Cerebrospinal fluid (CSF) shunts for the treatment of hydrocephalus contain intracranial catheters made exclusively of silicone rubber. The development of bacterial adhesion and colonization on the catheter surface leads to frequent CSF shunt complications, and 30-40% mortality rate from post-operative infections have been reported. Modifications of silicone surface have been attempted in order to reduce the incidence of shunt infections. However, the influence of surface hydrophobicity, roughness, and various functional groups on bacterial adhesion has not been fully elucidated and conflicting results have been reported. The objective of this study was to perform a systematic analysis of the effect of silicone surface modification on bacterial adhesion and microbial colonization. Silicone was modified with different biopolymers and silanes, including: heparin, hyaluronan, octadecyltrichlorosilane (OTS), and perfluorodecyltrichlorosilane (FAS), in an attempt to provide a stable, and biocompatible surface with different degrees of hydrophobicity, roughness and functional groups. The quality and stability of these biopolymer and self-assembled monolayer coatings were examined by contact angle, Fourier-transform infrared spectroscopy (FTIR), X-ray photoelectron spectroscopy (XPS), and atomic force microscopy (AFM). Contact angle measurement of modified silicone surfaces after different exposure times to saline solution at 37°C indicated that coated surfaces were stable for over 30 days (Table 1). Adhesion of Staphylococcus epidermidis to the modified silicone surface was investigated as a function of incubation times by scanning electron microscopy (SEM) and the colony counting method. After 4 hr of incubation, the SEM images showed that very few bacteria were attached to the FAS/silicone surface, while large colonies (>40 um) were found on the heparin/OTS/silicone. After 12 hr, the size and number of colonies increased significantly, but FAS/silicone still showed the least amount of bacterial adhesion. Similarly, using the colony count method, at 4 h the pattern of bacterial adhesion on the five different surfaces was found to be FAS/silicone< OTS/silicone < hyaluronan/OTS/silicone < silicone < heparin/OTS/silicone. The P-values between the coated silicone and uncoated silicone are all less than 0.05, indicating significant difference among the samples. For 12 hr, there was less bacterial adhesion on hyaluronan/OTS/silicone while most bacterial adhesion on heparin/OTS/silicone (Figure 1). In this case, the P-values for FAS/silicone and OTS/silicone between the coated silicone and uncoated silicone are higher than 0.05, suggesting no significant difference among FAS/silicone, OTS/silicone, and silicone. The data indicated that for the 4 hr experiment, FAS coated silicone surface can reduce bacterial adhesion as compared to uncoated silicone rubber by as much as 80%; while for 12 hr study, hyaluronan/OTS/silicone can reduce bacterial adhesion by as much as 60%. However, there appears to be no direct correlation between bacterial adhesion and the degree of hydrophobicity of materials. It was because bacterial adhesion on the hyaluronan-OTS-silicone was much less than on the heparin-OTS-silicone, although both have almost same degree of hydrophobicity. The effects of other factors on bacterial adhesion, such as surface roughness and the nature of functional groups, will be discussed. These findings are helpful for devising novel strategies to reduce shunt infections.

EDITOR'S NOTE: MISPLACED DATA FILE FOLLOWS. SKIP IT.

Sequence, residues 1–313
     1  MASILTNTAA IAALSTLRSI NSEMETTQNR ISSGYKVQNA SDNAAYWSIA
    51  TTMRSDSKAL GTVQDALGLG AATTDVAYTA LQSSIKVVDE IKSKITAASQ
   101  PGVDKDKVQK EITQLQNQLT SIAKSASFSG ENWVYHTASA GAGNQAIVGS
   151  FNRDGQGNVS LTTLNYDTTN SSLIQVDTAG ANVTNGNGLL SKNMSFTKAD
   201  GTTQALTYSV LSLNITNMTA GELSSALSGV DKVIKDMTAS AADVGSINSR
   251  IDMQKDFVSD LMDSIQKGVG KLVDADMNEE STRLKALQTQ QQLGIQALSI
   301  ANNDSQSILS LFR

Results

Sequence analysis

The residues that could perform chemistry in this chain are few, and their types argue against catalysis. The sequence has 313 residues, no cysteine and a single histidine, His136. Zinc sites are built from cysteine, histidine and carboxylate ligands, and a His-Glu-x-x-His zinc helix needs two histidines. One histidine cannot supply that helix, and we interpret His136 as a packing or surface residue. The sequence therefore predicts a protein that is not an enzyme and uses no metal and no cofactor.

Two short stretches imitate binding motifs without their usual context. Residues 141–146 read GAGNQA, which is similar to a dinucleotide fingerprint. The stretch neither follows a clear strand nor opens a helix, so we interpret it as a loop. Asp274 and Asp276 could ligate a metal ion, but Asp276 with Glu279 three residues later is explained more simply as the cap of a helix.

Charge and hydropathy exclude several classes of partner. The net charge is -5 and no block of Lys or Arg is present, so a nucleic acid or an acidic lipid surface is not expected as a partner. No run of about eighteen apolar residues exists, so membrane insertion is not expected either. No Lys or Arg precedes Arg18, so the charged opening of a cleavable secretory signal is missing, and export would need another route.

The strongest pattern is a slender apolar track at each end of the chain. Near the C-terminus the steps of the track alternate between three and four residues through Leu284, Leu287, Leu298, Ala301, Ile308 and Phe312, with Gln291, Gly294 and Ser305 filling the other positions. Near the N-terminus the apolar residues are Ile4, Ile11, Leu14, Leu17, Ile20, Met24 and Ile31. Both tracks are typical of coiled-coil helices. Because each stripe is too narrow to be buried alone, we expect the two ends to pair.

|Number of pages||2|
|State||Published - Dec 1 2005|
|Event||05AIChE: 2005 AIChE Annual Meeting and Fall Showcase - Cincinnati, OH, United States|
Duration: Oct 30 2005 → Nov 4 2005
|Conference||05AIChE: 2005 AIChE Annual Meeting and Fall Showcase|
|Period||10/30/05 → 11/4/05|